Many national ballets were created in the 1930’s and 1940’s, such as M. I. Verikovskii’s Pan Kanevskii (the first Ukrainian national ballet; 1931), K. F. Dan’kevich’s Lileia (1940), and M. A. Skorul’skii’s Forest Song (1946) in the Ukrainian SSR; A. M. Balanchivadze’s Mzechabuki (revised as Heart of the Hills, 1938) in the Georgian SSR; A. B. Budalbeili’s The Maiden’s Tower (1940) in the Azerbaijan SSR; and A. I. Khachaturian’s Happiness (1939; second version, Gayane, 1942) and Khandut (1945), to music by A. A. Spendiarov, in the Armenian SSR. Other national ballets included M. E. Kroshner’s The Nightingale (1939) in the Byelorussian SSR; Shakhida (1939) by F. Tal and E. G. Brusilovskii’s Guliandom (1940), in the Uzbek SSR; V. V. Velikanov’s Kalkaman and Mamyr (1938) in the Kazakh SSR; V. A. Vlasov and V. G. Fere’s Anar (1940) in the Kirghiz SSR; A. S. Lenskii’s Du Gul (Two Roses; 1941) in the Tadzhik SSR; K. A. Korchmarev’s Aldar-Kose (The Gay Deceiver; 1942) in the Turkmen ASSR; L. B. Stepanov’s The Crane Song (1944) in the Bashkir ASSR; and F. Z. Iarullin’s Shurale (1945) in the Tatar SSR. All of these productions, which were representative of the most typical form of multiact dramatic ballet of the 1930’s and 1940’s, combined classical dance and national dance, making extensive use of folk dances and rituals. National legends, the popular liberation struggle, and kolkhoz life provided the themes.

The training of gifted children from the various republics in the ballet schools of Leningrad and Moscow contributed to the formation of national ballet companies. Among the famous dancers of the late 1930’s and the 1940’s were G. G. Almaszade (Azerbaijan SSR), E. L. Gvaramadze (Georgian SSR), B. Beishenalieva and N. S. Tugelov (Kirghiz SSR), K. Dzhaparov (Turkmen SSR), M. Turgunbaeva (Uzbek SSR), A. I. Gavrilova (Ukrainian SSR), and Z. A. Nasretdinova and Kh. G. Safiullin (Bashkir ASSR). Various Russian choreographers, such as Goleizovskii, Lopukhov, Ermolaev, L. V. Iakobson (Jacobson or Yakobson), and N. S. Kholfin, worked in many republics, particularly during preparations for the ten-day festivals that have been held in Moscow since 1936. Russian composers, artists, and teachers also took part in this work. Young choreographers from the republics adopted the methods of the Russian experts, and many later studied in the dance department of the A. V. Lunacharskii State Institute of Theatrical Arts in Moscow.

During the Great Patriotic War (1941–45), the country’s ballet companies and schools continued working. New productions were mounted, such as Khachaturian’s Gayane, with choreography by N. A. Anisimova (1942), by the Kirov Leningrad Theater of Opera and Ballet, which had been evacuated to Perm’; V. A. Oranskii’s Lola, with choreography by V. P. Burmeister (1943), by the Stanislavsky and Nemirovich-Danchenko Musical Theater; and V. M. Iurovskii’s The Crimson Sails, with choreography by A. I. Radunskii, N. M. Popko, and L. A. Pospekhin (1943), by the Bolshoi Theater, which had been evacuated to Kuibyshev.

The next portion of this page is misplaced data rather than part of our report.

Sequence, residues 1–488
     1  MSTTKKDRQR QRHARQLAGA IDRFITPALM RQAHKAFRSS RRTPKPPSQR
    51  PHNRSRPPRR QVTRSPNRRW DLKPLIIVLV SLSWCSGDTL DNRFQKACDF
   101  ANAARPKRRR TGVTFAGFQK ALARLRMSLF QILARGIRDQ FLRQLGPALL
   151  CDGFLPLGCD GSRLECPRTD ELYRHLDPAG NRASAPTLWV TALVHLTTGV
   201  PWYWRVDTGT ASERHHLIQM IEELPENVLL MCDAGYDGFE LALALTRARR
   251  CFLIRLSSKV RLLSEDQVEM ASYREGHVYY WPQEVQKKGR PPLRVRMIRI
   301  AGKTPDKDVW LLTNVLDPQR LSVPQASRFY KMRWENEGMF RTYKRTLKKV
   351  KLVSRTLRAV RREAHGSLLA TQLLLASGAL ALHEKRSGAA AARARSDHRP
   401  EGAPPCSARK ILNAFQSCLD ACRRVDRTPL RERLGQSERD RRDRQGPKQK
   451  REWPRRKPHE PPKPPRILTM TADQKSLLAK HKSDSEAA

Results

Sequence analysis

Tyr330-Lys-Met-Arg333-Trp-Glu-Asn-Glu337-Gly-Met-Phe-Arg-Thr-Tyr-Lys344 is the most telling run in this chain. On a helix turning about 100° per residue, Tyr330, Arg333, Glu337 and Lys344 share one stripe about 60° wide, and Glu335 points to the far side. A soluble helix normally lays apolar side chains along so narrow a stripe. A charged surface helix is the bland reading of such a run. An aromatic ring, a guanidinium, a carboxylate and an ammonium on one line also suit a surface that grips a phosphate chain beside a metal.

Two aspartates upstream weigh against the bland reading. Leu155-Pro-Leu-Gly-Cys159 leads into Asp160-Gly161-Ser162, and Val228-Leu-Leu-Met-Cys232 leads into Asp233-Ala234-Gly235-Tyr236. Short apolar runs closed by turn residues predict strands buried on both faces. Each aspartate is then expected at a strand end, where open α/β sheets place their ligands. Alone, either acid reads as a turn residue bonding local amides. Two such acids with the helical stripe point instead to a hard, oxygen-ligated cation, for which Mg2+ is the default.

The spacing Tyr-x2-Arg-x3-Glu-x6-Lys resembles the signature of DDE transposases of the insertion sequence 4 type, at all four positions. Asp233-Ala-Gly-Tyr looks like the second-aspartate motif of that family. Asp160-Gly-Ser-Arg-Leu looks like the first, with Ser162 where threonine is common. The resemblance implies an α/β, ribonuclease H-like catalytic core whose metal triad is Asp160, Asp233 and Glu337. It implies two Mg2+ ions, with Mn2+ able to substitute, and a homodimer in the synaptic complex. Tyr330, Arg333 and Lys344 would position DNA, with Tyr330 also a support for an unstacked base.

New performers emerged in the second half of the 1940’s and in the 1950’s, among them the talented dramatic ballerina A. Ia. Shelest. M. M. Plisetskaia (Plisetskaya), whose dancing is imbued with great expressiveness and passion, began performing during this period. In the RSFSR, R. S. Struchkova, V. T. Bovt, L. I. Krupenina, B. Ia. Bregvadze, and N. B. Fadeechev won great popularity, as did L. P. Gerasimchuk, E. M. Potapova, N. A. Apukhtin, and A. A. Belov in the Ukraine; A. V. Nikolaeva and S. V. Drechin in Byelorussia; I. A. Aleksidze, V. V. Tsignadze, and Z. M. Kikaleishvili in Georgia; L. P. Voinova-Shikanian, R. L. Tavrizian, T. G. Grigorian, and A. T. Garibian in Armenia; L. M. Vekilova and M. D. Mamedov in Azerbaijan; G. B. Izmailova in Uzbekistan; L. Zakhidova in Tadzhikistan; L. P. Sakh’ianova in Buriatia; A. Priede, J. Pankrate, A. Lembergs, and V. Vilcina in Latvia; G. Sabaliauskaitė and T. Svėntickaitė in Lithuania; and V. Hagus, A. Koit, and E. Joasoo in Estonia.

Many new ballets were staged, including Prokofiev’s Cinderella (1945) at the Bolshoi Theater, M. I. Chulaki’s Youth (1946) and The False Bridegroom (1949) at the Leningrad Malyi Opera Theater, and Glière’s The Bronze Horseman (1949) at the Kirov Leningrad Theater of Opera and Ballet. New ballets were added to the repertoires of theaters in the republics as well: G. V. Kiladze’s Sinatle (1947), D. A. Toradze’s Gorda (1949), and A. D. Machavariani’s Othello (1957) in the Georgian SSR; K. A. Karaev’s The Seven Beauties (1952) and The Path of Thunder (1958) in the Azerbaijan SSR; G. E. Egizarian’s Sevan (1956) and E. S. Oganesian’s Marmar (1957) in the Armenian SSR; I. I. Akbarov’s The Dream (1959) in the Uzbek SSR; V. V. Velikanov’s Kambar and Nazym (1950) in the Kazakh SSR; M. R. Raukhverger’s Cholpon (1944) in the Kirghiz SSR; S. A. Balasanian’s Leili and Medzhnun (1947) in the Tadzhik SSR; and A. Zaborovskii and V. Mukhatov’s Akpamyk (1945) in the Turkmen SSR.